SS Breda

On 23 December 1940 SS Breda was one of the convoy ships at anchor in the Firth of Lorn. She was laden with a wide variety of goods, on route to the Indian Ocean. She was targeted and bombed by German aircraft, and while not directly hit, the force created such damage as to cripple her, and she began to flood. She was taken in tow, into the safety of Ardmucknish Bay, and beached, while efforts were made to salvage her cargo. A storm blew up and the wind and tide took her back into deeper water, where she sunk.
For many years she was still visible, until she was blown up for marine safety. Some cargo remained and some has been recovered over the years.
She is now a very popular dive site.

There are lots of references to the story of the sinking of SS Breda in Ardmucknish Bay during WW2.
Canmore site record

There is a story of a Spy being caught on Tralee Beach with maps : can you help us learn more?

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some snippets

The ship was built at the Nieuwe Waterweg Scheepsbouwmaatschappij ("New Waterway Shipbuilding Company") yard at Schiedam for the Koninklijke Nederlandsche Stoomboot Maatschappij ("Royal Netherlands Steamship Company"). Laid down on 16 December 1919, she was not launched until 2 July 1921, and finally completed on 10 December 1921. The 6,941 GRT ship was 122.69 metres (402 ft 6 in) long, and 17.78 metres (58 ft 4 in) wide, and was powered by two Metropolitan-Vickers steam turbine engines, giving her a top speed of 15 knots (28 km/h; 17 mph). She had five cargo holds, and could also accommodate up to 87 passengers.1

After the invasion of the Netherlands in May 1940 the Breda fled to Britain, where she was placed under the control of the P&O Line, and armed with a single 4.7-inch (120 mm) gun.2

On 23 December 1940 a group of Heinkel 111s took off from their base at Stavanger in German occupied Norway laden with four 551 -lb bombs and two larger 1,102-lb bombs each. A few hours later they were streaking across Scotland at their fully laden speed of 193mph destined for a raid on convoys forming up in the Royal Navy deep water anchorage, the Oban Roads. There waited the Breda, on a voyage from London to Mombassa, Bombay & Karachi, her holds full with Hawker biplanes, 30 De Havilland Moths, spares, cement and other general goods destined to resupply British Air bases.

The pilot of one Heinkel picked out the Breda as his target and let go his stick of four 551 -lb bombs. The bombs straddled the vessel but the force of the blast nearby shattered internal piping and sheared off a cooling water inlet pipe. The Breda started to flood with water killing all steam and the ship's electrics. She was taken in tow and a course set to beach her on a narrow shallow shelf where hopefully the vessel and her cargo could be saved.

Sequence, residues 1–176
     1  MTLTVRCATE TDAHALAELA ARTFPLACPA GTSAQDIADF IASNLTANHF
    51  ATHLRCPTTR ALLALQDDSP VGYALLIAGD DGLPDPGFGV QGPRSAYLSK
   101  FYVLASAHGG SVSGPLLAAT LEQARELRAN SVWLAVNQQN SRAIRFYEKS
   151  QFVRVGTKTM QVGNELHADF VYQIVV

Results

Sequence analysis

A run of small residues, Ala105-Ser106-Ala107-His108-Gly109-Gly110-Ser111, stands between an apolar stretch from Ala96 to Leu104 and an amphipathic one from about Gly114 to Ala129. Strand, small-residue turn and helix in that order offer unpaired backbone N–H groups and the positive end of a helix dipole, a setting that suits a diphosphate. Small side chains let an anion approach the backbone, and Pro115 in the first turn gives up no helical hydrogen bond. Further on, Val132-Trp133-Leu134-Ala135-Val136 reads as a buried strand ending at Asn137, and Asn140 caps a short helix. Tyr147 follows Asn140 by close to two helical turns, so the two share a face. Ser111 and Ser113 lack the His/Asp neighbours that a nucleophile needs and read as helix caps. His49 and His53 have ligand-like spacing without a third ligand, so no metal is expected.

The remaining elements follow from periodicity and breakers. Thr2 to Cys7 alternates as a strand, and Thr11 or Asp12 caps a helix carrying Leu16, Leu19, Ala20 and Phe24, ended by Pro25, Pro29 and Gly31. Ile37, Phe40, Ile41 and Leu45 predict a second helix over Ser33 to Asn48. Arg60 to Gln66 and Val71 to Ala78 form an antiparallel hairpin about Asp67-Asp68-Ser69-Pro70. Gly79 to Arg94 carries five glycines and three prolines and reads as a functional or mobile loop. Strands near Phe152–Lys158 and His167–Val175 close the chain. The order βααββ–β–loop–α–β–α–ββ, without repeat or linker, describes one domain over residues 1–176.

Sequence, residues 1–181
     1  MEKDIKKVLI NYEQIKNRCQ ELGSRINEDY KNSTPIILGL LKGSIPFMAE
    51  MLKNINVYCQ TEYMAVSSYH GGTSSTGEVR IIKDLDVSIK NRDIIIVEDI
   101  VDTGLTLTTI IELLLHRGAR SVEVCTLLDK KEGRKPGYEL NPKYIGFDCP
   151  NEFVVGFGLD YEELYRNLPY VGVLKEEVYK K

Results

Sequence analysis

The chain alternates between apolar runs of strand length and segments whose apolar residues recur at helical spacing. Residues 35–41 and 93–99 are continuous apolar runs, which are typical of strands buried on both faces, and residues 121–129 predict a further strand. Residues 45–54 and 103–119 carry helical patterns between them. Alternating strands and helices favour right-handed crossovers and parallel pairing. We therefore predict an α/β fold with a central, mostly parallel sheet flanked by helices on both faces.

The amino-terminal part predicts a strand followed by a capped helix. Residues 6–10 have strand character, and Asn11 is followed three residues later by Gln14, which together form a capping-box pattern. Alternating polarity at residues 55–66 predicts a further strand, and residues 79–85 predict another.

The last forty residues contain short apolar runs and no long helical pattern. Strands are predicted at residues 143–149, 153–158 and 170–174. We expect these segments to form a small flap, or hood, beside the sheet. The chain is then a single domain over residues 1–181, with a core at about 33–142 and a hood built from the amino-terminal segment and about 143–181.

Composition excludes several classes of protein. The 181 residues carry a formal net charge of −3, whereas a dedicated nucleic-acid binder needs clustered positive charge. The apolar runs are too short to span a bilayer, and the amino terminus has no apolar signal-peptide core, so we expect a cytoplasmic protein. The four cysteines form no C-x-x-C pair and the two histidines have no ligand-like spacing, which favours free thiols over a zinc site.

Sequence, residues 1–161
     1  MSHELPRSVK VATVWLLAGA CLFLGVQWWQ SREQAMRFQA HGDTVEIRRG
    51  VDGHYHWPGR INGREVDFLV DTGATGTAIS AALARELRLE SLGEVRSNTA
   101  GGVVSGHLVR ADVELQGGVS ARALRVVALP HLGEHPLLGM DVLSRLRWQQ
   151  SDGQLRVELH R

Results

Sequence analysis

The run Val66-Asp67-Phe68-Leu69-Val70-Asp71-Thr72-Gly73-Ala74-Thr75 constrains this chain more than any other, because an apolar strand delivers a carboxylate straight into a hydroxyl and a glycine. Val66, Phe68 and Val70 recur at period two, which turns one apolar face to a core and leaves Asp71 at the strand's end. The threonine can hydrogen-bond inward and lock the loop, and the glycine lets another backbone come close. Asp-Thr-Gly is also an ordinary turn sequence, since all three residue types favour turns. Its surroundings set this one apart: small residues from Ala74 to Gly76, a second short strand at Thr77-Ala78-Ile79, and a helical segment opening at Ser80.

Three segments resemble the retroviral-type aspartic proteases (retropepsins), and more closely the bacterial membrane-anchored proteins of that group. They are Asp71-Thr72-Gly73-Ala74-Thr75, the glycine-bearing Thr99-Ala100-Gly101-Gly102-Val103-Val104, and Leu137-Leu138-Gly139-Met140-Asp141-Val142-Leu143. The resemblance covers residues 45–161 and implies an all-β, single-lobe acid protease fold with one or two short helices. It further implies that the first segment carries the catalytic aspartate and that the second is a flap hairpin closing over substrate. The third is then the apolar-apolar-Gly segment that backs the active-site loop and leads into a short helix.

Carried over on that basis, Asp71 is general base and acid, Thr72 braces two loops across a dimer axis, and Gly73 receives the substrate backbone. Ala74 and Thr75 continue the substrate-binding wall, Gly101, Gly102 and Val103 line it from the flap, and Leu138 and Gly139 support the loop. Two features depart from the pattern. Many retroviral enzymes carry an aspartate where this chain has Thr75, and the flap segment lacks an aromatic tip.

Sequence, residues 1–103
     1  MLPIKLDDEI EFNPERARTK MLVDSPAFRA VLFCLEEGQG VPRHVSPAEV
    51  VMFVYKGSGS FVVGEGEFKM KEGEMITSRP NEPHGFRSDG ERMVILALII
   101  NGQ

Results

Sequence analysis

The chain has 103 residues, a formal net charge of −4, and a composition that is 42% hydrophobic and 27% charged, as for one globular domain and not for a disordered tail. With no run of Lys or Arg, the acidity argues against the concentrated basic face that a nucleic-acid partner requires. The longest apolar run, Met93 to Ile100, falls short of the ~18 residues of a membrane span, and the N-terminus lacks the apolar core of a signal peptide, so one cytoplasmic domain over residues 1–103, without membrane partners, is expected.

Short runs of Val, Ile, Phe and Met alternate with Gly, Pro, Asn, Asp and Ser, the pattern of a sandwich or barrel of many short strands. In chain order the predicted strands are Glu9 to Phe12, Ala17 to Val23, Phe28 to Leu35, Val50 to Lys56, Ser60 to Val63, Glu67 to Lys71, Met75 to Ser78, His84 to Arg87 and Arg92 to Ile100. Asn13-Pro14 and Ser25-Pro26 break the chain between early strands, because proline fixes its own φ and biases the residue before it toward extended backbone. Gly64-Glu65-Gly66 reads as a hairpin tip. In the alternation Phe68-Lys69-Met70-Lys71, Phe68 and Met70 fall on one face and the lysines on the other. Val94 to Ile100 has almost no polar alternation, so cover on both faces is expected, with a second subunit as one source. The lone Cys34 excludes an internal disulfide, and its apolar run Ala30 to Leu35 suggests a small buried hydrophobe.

She was successfully beached but when only a fraction of the cargo had been saved, stormy winter seas and tides conspired to pull her off the narrow shelf and she slid into deeper water.3

Cargo : "Breda" SS, a 6.941 ton single-funnel Dutch steamer, built in Holland, 1921. 418 ft x 58 ft. Armed: 4.7 inch on stern. 3.000 tons cement, 175 tons tobacco and cigarettes, three Hawker biplanes, 30 De Havilland Tiger Moths, spare parts for the aircraft, Army lorries and spares, NAAFI crockery, copper ingots, rubber-soled sandals, 10 horses and nine dogs, London for Bombay.

Mary McNiven from Dalvuie Farm, rowed out to the wreck and saved one of the horses.

A book of this story is Stranded At Staffna written by Helen Solomon. First published 1979. ISBN 0 904223 36 1 Printed by A Wheaton & Co Ltd Exeter. Amazon sellers have copies.

It was called Bradshaws, one of the Aga Khans 10 race horses that were on board the Breda. For this rescue Mary McNiven was honoured by the Royal Humane Society.
There were quite a number of horses, in transport boxes, on the deck, with the horses tied in them.
A number of these and other transport boxes floated off the wreck, were dashed on the rocks around the shore, in the Falls of Lora and even got as far as Maiden Island, which was struck by an RAF flying boat on landing. This aircraft broke up after striking the half submerged box, and may still be there; certainly scallop dredgers have found aircraft debris in this area.
Reportedly there were also a casualty from the Home Guard shooting one of the horses in the dark.. having shouted Halt, who goes there, but getting no answer except more movement and horses.
Other horses survived, some of which remained in the area, the last one dying in Oban in 1961.
One of the boxes had a dog sitting on top, and there was the body of a monkey found along the shore at Benderloch with a collar inscribed "SS Breda" around its neck.

The Breda has long been a popular dive site, with some of her remaining cargo being accessible still.
There has even been a wedding "on board" in the mid 1990's (

You can visit her yourself through the wonders of Youtube

and | here is the Divenet tour (The Breda easily qualifies as Scotland's most-dived wreck, and it is not hard to see why.)

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